"Crap," Natalie muttered. In record time she threw on dirty jeans, a wraparound gold T-shirt, and a push-up bra, then smeared on her standby Strawberry Fields lip gloss.
"Your chariot awaits," Elena said with an eyeroll as Natalie bounded back downstairs. Her mother just didn't get the whole Jenna thing. It wasn't so much the tiny bandage dresses and Ed Hardy cut-offs or even the sketchy source of the Stecklow family's wealth, but rather Jenna's insistence on always whispering in the company of adults, which Elena found "shifty."
Outside, the Stecklow town car was idling. Jenna had her father's company car—complete with uniformed driver—at her disposal to haul her around at night. Like any self-respecting Fortune 500 CEO, Brice Stecklow was up before dawn and in bed before Larry King. He let Jenna enjoy the privileges of his car when he didn't need it. The arrangement was old-fashioned to the point of absurdity—Jenna's dad liked "keeping tabs on my little girl"—but Natalie couldn't deny the convenience.
"Hey, hot stuff," Jenna greeted her.
"Hey, hot wheels," Natalie replied, their usual routine.
Siding next to Jenna in the town car, Natalie wondered what her life would have been like if her real dad had lived long enough to fulfill the promise of the "outsize talent" design magazines and cutting-edge clients had just started to single out in the months before his death. A chauffeur-driven Lincoln town car probably wouldn't factor into the equation, but maybe a special reading chair or avant-garde tree house?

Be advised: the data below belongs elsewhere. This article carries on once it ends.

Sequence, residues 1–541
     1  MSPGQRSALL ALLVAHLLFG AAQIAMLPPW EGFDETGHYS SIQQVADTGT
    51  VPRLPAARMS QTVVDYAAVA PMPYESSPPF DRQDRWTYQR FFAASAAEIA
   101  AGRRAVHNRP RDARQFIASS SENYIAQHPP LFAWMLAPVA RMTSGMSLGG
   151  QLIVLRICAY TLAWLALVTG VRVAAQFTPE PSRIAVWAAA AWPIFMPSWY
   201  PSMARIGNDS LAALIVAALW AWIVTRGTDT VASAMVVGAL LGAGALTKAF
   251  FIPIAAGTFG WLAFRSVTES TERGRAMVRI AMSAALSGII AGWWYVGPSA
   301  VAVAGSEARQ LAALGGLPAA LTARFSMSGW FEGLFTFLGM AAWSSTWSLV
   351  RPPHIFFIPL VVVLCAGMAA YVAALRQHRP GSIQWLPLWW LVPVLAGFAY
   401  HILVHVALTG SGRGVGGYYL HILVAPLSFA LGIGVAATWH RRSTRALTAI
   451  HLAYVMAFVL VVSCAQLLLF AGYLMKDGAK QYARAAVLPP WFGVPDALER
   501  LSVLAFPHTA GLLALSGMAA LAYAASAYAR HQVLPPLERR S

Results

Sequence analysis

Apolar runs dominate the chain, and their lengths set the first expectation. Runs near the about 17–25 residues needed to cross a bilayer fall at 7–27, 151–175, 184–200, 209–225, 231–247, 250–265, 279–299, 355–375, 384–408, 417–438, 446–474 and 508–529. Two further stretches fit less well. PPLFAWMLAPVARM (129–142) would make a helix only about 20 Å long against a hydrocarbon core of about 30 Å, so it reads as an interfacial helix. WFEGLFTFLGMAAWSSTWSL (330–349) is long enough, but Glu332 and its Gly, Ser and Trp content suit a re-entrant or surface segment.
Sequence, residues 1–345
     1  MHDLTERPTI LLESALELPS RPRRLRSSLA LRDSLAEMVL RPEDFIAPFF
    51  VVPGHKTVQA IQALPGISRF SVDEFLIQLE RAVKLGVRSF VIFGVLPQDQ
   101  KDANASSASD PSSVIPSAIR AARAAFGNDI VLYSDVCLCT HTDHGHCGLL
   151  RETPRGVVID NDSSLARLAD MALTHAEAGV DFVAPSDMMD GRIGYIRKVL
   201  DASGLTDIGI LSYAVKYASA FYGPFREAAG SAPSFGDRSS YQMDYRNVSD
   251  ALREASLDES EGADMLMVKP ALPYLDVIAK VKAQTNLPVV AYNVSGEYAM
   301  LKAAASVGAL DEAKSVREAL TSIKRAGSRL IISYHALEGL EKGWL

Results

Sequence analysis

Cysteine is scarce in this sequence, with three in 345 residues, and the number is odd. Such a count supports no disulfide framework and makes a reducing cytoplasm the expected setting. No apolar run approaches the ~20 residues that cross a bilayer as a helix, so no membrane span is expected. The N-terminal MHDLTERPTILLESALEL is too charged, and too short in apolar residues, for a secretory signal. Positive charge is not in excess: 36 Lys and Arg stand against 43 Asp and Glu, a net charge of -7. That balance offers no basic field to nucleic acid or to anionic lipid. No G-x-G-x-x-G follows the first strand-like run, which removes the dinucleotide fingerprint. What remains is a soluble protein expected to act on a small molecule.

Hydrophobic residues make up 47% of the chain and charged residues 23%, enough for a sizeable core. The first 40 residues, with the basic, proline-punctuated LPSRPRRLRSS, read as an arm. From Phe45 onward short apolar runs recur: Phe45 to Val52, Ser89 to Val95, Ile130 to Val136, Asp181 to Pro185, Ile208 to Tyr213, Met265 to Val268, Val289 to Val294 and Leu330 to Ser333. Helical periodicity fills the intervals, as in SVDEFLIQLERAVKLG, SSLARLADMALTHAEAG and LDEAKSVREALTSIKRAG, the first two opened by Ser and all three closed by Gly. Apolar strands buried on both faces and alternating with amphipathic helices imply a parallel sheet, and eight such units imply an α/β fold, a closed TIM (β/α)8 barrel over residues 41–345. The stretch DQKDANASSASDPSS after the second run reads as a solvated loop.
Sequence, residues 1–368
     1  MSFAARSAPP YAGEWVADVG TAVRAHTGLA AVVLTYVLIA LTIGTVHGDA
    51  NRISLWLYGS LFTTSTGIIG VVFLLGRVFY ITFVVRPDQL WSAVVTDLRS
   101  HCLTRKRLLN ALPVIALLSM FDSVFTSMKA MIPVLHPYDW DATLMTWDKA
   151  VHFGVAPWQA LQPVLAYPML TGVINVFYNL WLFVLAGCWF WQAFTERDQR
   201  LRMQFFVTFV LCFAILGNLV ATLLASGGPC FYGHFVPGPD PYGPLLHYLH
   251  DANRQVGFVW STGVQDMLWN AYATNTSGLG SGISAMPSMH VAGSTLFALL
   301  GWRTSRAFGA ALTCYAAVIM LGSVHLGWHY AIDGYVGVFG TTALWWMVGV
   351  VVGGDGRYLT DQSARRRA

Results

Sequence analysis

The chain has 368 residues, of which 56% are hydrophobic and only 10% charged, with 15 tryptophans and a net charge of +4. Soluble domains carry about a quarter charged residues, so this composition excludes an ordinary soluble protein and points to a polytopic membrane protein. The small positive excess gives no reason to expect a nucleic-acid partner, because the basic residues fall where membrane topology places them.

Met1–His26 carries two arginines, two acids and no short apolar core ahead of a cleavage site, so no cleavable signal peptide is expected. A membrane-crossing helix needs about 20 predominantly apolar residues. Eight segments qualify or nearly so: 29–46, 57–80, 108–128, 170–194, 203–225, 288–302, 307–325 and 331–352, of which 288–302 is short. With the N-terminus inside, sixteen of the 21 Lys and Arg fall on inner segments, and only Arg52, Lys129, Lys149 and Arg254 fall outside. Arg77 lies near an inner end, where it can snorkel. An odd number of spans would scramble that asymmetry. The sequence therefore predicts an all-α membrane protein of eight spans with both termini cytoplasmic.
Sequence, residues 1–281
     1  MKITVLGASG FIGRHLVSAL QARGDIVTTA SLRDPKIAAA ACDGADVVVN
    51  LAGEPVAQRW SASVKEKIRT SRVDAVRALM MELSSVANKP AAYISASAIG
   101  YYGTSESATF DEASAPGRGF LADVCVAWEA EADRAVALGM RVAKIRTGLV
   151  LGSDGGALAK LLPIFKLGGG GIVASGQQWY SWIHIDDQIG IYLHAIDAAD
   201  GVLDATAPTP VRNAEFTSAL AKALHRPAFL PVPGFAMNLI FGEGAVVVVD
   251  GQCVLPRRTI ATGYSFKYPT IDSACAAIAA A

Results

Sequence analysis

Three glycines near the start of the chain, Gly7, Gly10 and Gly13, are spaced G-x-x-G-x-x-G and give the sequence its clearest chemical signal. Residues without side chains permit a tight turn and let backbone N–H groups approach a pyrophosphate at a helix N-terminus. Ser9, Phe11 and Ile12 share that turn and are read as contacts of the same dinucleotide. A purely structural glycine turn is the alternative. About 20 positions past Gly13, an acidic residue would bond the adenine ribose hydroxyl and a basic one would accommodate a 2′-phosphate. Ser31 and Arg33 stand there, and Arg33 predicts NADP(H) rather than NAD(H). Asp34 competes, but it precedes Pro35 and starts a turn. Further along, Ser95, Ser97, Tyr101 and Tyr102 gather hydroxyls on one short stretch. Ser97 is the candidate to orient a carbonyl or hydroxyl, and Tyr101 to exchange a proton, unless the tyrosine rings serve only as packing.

Natalie peered into the dashboard mirror to see which of the Stecklows' three drivers had the good fortune to spend his Friday night ferrying the two teenagers around. It was her favorite, Hisham, whose dramatically craggy forehead made him resemble a cross between Harrison Ford and Nicolai's evil twin Malachai.
"Oh, my God," Jenna exclaimed suddenly, "guess who's cat-sitting for the Landaus this weekend, or did he already tell you?"
Natalie's stomach dropped before Jenna could answer her own question. Saul and Lisa Landau were the husband and wife team who ran Cafe Quixotic, the cool coffee shop on Marienden Avenue that was Josh's second home, where Natalie had all but stalked him earlier in the semester. Josh still spent most afternoons there, practicing on the cafe's piano and playing chess with Saul. Natalie knew that Josh looked after the Landaus' cat, Bobby Fischer, when his owners were out of town, but this hadn't yet happened in the almost two months since they'd started going out.
Every time Natalie saw Josh, she wanted to see more of him, and every time they hooked up she wanted to hook up more, a desire that both excited and unsettled her. So far they'd only had unsatisfying little snatches of time—outside Natalie's house right before her curfew or when they'd snuck off together at Zach's party.
"It looks like the cute couple is going to be able to spend some quality time together at long last," Jenna said, raising her eyebrows lasciviously.
Images of past electric moments began to burn through Natalie's head. Kissing until their lips went swollen, until her face was chafed from his starter stubble. Her mouth brushing against his ear, his finger tracing the line of her chin.
She convulsed forward in her seat, and Jenna cut her a sideways look. "So, are you ready?"
Natalie knew exactly what Jenna meant, and she couldn't answer.
She tried to imagine what it'd be like to have Josh all to herself for an entire night, to experience those stolen moments all strung together like Christmas lights. But the dots just wouldn't connect, or not yet. Natalie drew in a breath. If Josh was really cat-sitting, she could very well be living one of her last days as a virgin.
"Yeah, sure." Natalie hoped Jenna didn't see the shudder that passed over her. "Ready as can be."